If permits and licenses are issued to different individuals within the company, be sure that one person is responsible for ensuring that all permits and licenses are received and current. This will avoid the potential for renewals falling through the cracks, or confusion around the permits and licenses held. This point person should also be responsible for verifying that the conditions of issued permits and licenses have been reviewed, and a plan is in place to ensure compliance with those conditions. There may be sampling requirements, record […]

Reference NUREG-1556, Volume 7, for Radiation License Applications

NUREGWhen submitting applications to MA Department of Public Health Radiation Control Program to request permission to possess and use radioactive material in a research and development laboratory, be sure to reference U.S. Nuclear Regulatory Commission’s NUREG-1556, Volume 7. The Consolidated Guidance About Materials Licenses; Program Specific Guidance About Academic, Research and Development, and Other Licenses of Limited Scope must be used as general guidance when drafting permit applications.

All applicants are required to carefully evaluate their proposed use of radioactive materials and ensure that appropriate radiation safety procedures will be established. These procedures need to include how to receive radioactive materials, work with radioactive materials while keeping exposures as low as reasonably achievable, respond to emergency situations involving radioactive materials, and dispose of waste. Appropriate implementation of these procedures and other radiation safety practices must be part of the radioactive material use program at any licensed facility.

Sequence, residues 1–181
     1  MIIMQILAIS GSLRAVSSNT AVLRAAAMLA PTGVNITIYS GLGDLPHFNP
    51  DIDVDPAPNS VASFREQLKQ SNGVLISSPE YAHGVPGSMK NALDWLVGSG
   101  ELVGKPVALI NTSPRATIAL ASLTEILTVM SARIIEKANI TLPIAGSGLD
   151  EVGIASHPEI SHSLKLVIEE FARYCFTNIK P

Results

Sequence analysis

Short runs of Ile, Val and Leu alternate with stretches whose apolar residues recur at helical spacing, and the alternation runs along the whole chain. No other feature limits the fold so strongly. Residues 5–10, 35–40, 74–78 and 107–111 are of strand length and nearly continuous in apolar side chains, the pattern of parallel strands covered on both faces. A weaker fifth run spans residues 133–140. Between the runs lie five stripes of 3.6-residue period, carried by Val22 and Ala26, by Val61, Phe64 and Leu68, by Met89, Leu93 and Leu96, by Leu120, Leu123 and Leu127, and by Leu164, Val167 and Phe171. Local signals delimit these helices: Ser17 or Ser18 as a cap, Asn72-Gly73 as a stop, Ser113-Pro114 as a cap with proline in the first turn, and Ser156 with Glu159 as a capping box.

It is important to take the time to carefully […]

Flammable Permit vs. Flammable License

Fire truckBe careful not to confuse a flammable permit with a flammable license. These are two very different regulatory processes stipulated in 527 CMR 1.00, Massachusetts Comprehensive Fire Safety Code. When discussing flammable permitting, the terms permit and license should not be used interchangeably.

In accordance with the Massachusetts Comprehensive Fire Safety Code, companies using and storing flammable materials are required to hold a flammable storage permit with the local fire department.  The town Fire Department issues flammable permits through their established process, and a permit is required to store and use any amount of flammable material. When licensing thresholds stipulated in Table 1.12.8.50 of 527 CMR 1.00 are exceeded, a flammable license must be obtained in addition to the flammable permit.  Obtaining a flammable license is a much more complicated process, which involves going before the local licensing commission.  Even when a flammable license is held, a flammable permit must still be obtained and […]